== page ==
Vector-mediated delivery involves the infection of the target cells with a self-replicating or a non-replicating system, such as a modified viral vector or a plasmid, which produces a large amount of the EGS encoded in a sequence carried on the vector. Targeting of the cells and the mechanism of entry may be provided by the virus, or, if a plasmid is being used, methods similar to the ones described for direct delivery of EGS molecules can be used. Vector-mediated delivery produces a sustained amount of EGS molecules. It is substantially cheaper and requires less frequent administration than a direct delivery such as intravenous injection of the EGS molecules.

The direct delivery method can be used during the acute critical stages of infection. Preferably, intravenous or subcutaneous injection is used to deliver EGS molecules directly. It is essential that an effective amount of oligonucleotides be delivered in a form which minimizes degradation of the oligonucleotide before it reaches the intended target site.

Most preferably, the pharmaceutical carrier specifically delivers the EGS to affected cells. For example, hepatitis B virus affects liver cells, and therefore, a preferred pharmaceutical carrier delivers anti-hepatitis EGS molecules to liver cells.

B. Delivery of EGS Molecules.

Two methods of delivery may be employed, (1) delivery of synthetic EGS molecules, or (2) delivery of plasmids expressing EGS molecules in a transient fashion. The method of choice will be determined in preclinical studies, using standard methodology, and it is possible that they may be used in combination. Both of them can be efficiently delivered, for example, by using cationic liposome preparations.

A variety of non-vector methods are available for delivering EGS molecules to cells. For example, in general, the EGS molecules, or DNA sequences encoding the EGS molecules, can be incorporated within or on microparticles. As used herein, microparticles include liposomes, virosomes, microspheres and microcapsules formed of synthetic and/or natural polymers. Methods for making microcapsules and microspheres are known to those skilled in the art and include solvent evaporation, solvent casting, spray drying and solvent extension. Examples of useful polymers which can be incorporated into various microparticles include polysaccharides, polyanhydrides, polyorthoesters, polyhydroxides and proteins and peptides.

Liposomes can be produced by standard methods such as those reported by Kim, et al., Biochim. Biophys. Acta, 728, 339-348 (1983); Liu, D., et al., Biochim. Biophys. Acta, 1104, 95-101 (1992); and Lee, et al., Biochim. Biophys. Acta., 1103, 185-197 (1992); Wang, et al., Biochem., 28, 9508-9514 (1989)), incorporated herein by reference. EGS molecules or DNA encoding such molecules, can be encapsulated within liposomes when the molecules are present during the preparation of the microparticles. Briefly, the lipids of choice, dissolved in an organic solvent, are mixed and dried onto the bottom of a glass tube under vacuum. The lipid film is rehydrated using an aqueous buffered solution of the EGS molecules, DNA encoding EGS molecules to be encapsulated, and the resulting hydrated lipid vesicles or liposomes encapsulating the material can then be washed by centrifugation and can be filtered and stored at 4 C. This method has been used to deliver nucleic acid molecules to the nucleus and cytoplasm of cells of the MOLT-3 leukemia cell line (Thierry, A. R. and Dritschilo, A., Nucl. Acids Res., 20: 5691-5698 (1992)). Alternatively, EGS molecules, or DNA encoding such molecules, can be incorporated within microparticles, or bound to the outside of the microparticles, either ionically or covalently.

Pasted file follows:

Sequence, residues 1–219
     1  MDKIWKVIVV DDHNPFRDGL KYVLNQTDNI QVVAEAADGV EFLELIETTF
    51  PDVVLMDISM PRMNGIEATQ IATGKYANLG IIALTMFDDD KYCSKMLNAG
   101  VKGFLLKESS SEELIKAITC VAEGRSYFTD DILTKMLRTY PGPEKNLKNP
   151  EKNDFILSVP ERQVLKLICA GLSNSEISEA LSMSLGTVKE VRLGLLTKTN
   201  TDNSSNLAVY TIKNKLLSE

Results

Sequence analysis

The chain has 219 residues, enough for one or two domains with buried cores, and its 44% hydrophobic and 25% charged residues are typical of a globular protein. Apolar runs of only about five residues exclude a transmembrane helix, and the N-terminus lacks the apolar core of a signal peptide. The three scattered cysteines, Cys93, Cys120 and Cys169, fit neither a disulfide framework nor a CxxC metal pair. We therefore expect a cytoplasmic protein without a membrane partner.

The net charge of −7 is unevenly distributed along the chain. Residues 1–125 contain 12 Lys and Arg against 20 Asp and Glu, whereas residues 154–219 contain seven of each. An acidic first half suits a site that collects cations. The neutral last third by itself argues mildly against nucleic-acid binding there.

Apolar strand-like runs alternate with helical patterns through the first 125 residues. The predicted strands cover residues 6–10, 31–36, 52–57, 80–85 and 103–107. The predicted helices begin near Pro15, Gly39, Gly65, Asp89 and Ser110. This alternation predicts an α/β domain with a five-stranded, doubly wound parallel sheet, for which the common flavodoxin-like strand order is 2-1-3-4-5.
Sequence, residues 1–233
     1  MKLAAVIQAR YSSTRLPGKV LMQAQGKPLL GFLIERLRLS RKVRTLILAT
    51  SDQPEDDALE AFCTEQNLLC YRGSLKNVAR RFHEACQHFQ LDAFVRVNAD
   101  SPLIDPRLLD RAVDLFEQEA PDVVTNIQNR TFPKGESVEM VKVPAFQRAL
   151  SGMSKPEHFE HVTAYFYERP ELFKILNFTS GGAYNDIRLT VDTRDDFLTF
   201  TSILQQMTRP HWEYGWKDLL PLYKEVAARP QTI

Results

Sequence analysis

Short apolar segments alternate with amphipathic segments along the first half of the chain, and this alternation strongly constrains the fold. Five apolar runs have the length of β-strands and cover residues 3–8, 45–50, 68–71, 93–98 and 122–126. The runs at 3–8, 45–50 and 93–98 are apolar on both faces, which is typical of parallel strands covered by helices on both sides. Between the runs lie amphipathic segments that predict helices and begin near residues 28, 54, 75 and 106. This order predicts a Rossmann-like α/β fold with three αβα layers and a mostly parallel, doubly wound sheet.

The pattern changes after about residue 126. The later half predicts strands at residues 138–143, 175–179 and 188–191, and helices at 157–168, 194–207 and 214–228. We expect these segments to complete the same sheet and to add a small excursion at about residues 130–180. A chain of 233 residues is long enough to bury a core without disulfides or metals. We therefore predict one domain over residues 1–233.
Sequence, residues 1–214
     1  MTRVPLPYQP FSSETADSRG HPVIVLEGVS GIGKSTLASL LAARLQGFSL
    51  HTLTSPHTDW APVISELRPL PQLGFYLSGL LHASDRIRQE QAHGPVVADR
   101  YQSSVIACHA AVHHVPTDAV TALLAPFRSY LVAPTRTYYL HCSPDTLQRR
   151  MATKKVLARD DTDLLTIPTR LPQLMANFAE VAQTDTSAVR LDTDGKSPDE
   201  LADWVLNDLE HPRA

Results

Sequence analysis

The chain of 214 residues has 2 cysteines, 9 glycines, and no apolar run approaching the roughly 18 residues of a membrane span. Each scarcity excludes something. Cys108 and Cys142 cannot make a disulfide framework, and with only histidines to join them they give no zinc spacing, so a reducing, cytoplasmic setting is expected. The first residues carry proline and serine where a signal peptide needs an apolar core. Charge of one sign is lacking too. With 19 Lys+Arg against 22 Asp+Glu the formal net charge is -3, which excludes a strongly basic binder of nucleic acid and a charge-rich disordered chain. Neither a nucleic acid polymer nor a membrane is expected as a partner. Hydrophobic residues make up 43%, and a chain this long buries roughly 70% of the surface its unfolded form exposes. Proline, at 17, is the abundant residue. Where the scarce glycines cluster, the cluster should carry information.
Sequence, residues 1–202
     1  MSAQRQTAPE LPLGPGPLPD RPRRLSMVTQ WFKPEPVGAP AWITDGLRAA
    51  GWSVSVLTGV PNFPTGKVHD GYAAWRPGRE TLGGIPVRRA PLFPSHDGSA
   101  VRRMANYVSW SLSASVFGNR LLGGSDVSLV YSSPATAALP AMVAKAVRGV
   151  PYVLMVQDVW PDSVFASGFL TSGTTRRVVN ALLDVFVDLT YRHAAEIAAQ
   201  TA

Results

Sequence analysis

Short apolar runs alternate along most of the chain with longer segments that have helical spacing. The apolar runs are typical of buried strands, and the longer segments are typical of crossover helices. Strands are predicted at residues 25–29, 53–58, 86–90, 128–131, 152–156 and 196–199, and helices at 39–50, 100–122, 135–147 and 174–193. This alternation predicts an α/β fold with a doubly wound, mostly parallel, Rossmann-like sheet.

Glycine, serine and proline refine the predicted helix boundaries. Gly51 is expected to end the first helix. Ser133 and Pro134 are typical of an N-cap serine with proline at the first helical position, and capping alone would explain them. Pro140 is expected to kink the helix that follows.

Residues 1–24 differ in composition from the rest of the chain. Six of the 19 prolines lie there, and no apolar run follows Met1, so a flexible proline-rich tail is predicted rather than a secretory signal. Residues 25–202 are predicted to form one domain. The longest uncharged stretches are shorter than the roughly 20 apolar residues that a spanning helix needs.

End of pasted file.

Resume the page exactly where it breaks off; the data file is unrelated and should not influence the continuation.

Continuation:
Cationic liposomes or microcapsules are microparticles that are particularly useful for delivering negatively charged compounds such as nucleic acid-based compounds, which can bind ionically to the positively charged outer surface of these liposomes. Various cationic liposomes have previously been shown to be very effective at delivering nucleic acids or nucleic acid-protein complexes to cells both in vitro and in vivo, as reported by Felgner, P. L. et al., Proc. Natl. Acad. Sci. USA, 84: 7413-7417 (1987); Felgner, P. L., Advanced Drug Delivery Reviews, 5: 163-187 (1990); Clarenc, J. P. et al., Anti-Cancer Drug Design, 8: 81-94 (1993), incorporated herein by reference. Cationic liposomes or microcapsules can be prepared using mixtures including one or more lipids containing a cationic side group in a sufficient quantity such that the liposomes or microcapsules formed from the mixture possess a net positive charge which will ionically bind negatively charged compounds. Examples of positively charged lipids that may be used to produce cationic liposomes include the aminolipid dioleoyl phosphatidyl ethanolamine (PE), which possesses a positively charged primary amino head group; phosphatidylcholine (PC), which possess positively charged head groups that are not primary amines; and N 1-(2,3-dioleyloxy)propyl-!N,N,N-triethylammonium ("DOTMA," see Felgner, P. L. et al., Proc. Natl. Acad. Sci USA, 84, 7413-7417 (1987); Felgner, P. L. et al., Nature, 337, 387-388 (1989); Felgner, P. L., Advanced Drug Delivery Reviews, 5, 163-187 (1990)).